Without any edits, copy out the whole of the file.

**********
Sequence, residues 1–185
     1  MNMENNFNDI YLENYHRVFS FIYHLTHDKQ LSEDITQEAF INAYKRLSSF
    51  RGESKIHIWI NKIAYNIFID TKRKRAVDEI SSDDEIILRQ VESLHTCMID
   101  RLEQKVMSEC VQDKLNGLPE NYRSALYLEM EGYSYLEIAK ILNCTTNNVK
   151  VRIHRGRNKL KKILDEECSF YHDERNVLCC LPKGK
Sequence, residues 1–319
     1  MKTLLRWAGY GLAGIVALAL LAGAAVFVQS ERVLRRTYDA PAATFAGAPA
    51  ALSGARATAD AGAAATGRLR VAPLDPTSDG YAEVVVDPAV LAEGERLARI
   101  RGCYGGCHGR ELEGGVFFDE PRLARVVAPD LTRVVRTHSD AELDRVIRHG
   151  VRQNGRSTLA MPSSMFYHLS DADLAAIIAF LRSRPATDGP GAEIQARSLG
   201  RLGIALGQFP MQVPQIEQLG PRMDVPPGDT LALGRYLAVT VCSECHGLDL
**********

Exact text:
Sequence, residues 1–185
     1  MNMENNFNDI YLENYHRVFS FIYHLTHDKQ LSEDITQEAF INAYKRLSSF
    51  RGESKIHIWI NKIAYNIFID TKRKRAVDEI SSDDEIILRQ VESLHTCMID
   101  RLEQKVMSEC VQDKLNGLPE NYRSALYLEM EGYSYLEIAK ILNCTTNNVK
   151  VRIHRGRNKL KKILDEECSF YHDERNVLCC LPKGK
Sequence, residues 1–319
     1  MKTLLRWAGY GLAGIVALAL LAGAAVFVQS ERVLRRTYDA PAATFAGAPA
    51  ALSGARATAD AGAAATGRLR VAPLDPTSDG YAEVVVDPAV LAEGERLARI
   101  RGCYGGCHGR ELEGGVFFDE PRLARVVAPD LTRVVRTHSD AELDRVIRHG
   151  VRQNGRSTLA MPSSMFYHLS DADLAAIIAF LRSRPATDGP GAEIQARSLG
   201  RLGIALGQFP MQVPQIEQLG PRMDVPPGDT LALGRYLAVT VCSECHGLDL